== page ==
- Some of the causes of air pollution call for structural change. For instance, how can you sufficiently reduce car emissions in a sprawling city or suburb without adequate public transportation? Helping students to get involved in environmental activism can be a great way to make an impact. You can encourage students to attend a protest, start an environmental club at school, or connect with people organizing in their community around pollution and other environmental issues.
StC - Want to do a deep dive into air quality with your class? We have an interdisciplinary unit plan on the topic!
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Human beings have an immense impact on the quality of the air— and that air quality, in turn, can seriously affect our own health and the health of our environments. Fortunately, there are steps we can all take to protect the air we breathe. Many are actions that young people can take. As a teacher, you can help empower your students to get involved so we can all breathe easier.
Looking for teaching resources on how to reduce air pollution, as well as other environmental and climate issues? Check out the wealth of educational materials on our website!
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* Common Air Pollutants
- Carbon monoxide is a colorless and odorless gas that is fatal in high concentrations. Outdoors, carbon monoxide in the air is unlikely to reach deadly levels, but it can cause health problems for people with heart conditions. Carbon monoxide gets released into the air outside by vehicles and other equipment that burns fossil fuel.
- Ozone high up in our atmosphere protects organisms from ultraviolet sun rays. Ground-level ozone, however, presents many health risks to people and ecosystems. In particular, it can cause and exacerbate respiratory issues. Ozone forms when reactions occur in the sunlight between chemicals emitted by cars, power plants, chemical plants, refineries, or industrial boilers.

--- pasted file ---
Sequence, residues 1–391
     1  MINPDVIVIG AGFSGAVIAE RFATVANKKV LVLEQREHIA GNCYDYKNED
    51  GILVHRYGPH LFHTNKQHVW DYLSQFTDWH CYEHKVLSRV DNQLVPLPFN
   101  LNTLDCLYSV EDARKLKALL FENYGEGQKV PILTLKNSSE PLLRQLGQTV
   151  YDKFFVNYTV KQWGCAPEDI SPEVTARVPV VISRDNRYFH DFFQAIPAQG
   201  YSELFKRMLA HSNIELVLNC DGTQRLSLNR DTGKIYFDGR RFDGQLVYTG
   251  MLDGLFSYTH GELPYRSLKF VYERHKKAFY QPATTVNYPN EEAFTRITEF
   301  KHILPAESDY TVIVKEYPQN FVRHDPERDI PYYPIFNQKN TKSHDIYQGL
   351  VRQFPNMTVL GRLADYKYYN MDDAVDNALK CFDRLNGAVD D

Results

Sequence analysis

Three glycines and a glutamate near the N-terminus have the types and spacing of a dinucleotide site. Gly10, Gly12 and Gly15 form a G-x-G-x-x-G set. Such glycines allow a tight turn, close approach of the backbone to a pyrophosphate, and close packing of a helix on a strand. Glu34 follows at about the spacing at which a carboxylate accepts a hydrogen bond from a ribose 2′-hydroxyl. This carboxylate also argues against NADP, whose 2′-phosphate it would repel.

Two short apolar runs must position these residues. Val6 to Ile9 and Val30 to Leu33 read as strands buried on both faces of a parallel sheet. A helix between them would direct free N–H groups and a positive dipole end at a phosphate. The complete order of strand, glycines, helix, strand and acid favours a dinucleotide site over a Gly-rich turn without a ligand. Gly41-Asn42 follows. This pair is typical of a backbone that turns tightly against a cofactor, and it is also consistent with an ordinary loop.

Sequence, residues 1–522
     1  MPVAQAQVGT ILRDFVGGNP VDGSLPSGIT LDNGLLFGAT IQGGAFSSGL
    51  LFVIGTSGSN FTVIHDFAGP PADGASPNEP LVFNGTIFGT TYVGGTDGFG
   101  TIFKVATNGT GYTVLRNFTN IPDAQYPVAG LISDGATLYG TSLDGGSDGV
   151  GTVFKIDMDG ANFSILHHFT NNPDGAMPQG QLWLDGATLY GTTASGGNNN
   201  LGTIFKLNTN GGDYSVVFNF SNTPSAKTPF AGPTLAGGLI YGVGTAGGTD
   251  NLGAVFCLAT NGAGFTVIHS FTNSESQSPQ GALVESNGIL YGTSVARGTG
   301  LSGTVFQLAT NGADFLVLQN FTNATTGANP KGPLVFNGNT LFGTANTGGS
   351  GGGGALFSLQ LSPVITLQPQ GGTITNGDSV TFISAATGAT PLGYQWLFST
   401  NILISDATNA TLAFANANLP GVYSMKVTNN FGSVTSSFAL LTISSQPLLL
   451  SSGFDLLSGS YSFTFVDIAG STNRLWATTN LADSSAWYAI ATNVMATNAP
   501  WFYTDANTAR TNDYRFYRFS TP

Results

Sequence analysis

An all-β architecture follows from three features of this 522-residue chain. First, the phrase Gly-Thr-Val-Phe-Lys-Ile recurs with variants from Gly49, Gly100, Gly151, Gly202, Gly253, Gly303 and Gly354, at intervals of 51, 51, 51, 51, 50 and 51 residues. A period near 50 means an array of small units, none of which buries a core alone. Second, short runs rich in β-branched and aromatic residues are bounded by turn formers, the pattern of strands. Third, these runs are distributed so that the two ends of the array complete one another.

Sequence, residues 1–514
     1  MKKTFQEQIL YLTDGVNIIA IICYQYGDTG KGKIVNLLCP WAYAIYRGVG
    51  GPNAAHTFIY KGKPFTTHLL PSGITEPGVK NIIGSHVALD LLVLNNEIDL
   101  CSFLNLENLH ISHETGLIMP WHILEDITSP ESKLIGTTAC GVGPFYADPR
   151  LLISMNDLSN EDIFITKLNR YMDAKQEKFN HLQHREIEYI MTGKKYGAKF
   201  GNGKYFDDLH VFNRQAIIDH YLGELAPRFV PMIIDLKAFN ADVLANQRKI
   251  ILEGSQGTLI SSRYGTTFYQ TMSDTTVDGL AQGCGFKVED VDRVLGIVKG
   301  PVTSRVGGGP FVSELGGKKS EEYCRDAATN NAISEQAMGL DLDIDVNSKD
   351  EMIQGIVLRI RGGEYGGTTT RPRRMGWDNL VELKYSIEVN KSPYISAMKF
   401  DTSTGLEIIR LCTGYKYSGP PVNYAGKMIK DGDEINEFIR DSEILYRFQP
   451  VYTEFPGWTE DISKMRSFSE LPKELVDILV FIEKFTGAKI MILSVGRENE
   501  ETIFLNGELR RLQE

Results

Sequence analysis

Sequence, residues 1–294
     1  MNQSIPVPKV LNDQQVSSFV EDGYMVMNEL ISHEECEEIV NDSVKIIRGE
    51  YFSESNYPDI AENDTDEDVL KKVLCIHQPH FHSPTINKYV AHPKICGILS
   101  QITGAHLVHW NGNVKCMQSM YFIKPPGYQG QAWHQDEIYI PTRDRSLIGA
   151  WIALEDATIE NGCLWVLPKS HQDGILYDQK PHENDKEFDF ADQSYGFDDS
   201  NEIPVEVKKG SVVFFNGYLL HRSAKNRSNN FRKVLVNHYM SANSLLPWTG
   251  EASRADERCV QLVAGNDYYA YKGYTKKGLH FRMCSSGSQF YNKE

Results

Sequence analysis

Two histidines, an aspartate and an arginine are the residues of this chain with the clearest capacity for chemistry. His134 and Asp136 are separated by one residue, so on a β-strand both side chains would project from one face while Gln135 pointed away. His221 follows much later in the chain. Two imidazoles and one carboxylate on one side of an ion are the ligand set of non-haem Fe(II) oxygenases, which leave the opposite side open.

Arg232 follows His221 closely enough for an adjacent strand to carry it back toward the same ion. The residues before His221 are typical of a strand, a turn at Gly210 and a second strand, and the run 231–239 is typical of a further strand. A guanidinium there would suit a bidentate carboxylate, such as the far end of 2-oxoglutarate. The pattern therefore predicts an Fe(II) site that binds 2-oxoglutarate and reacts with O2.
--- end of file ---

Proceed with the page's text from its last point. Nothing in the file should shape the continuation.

- Nitrogen dioxide is a gas released when fuel is burnt, particularly by vehicles, power plants, and off-road equipment. It can cause and exacerbate respiratory diseases and infections. It can also react with other chemicals to create particulate matter.
- Sulfur dioxide gets released when people burn sulfur or a substance containing sulfur. This mainly occurs when industrial facilities, including power plants, burn fossil fuels. Sulfur dioxide can cause respiratory issues. It can also react with other chemicals to create particulate matter.
- Particulate matter refers to a wide range of different substances, including dirt, dust, smoke, and soot. It’s essentially what it sounds like— particles in the air. It usually comes from the reactions of other pollutants. However, things like construction sites, unpaved roads, fields, fires, and smokestacks can also directly emit particulate matter. Particles can enter the lungs and bloodstream, causing serious health problems.
- Lead is a metal with many severe health impacts, including harming children’s neurological development. Lead gets released into the air during processes including ore and metal processing, the burning of airplane fuel, garbage incineration, and battery manufacturing.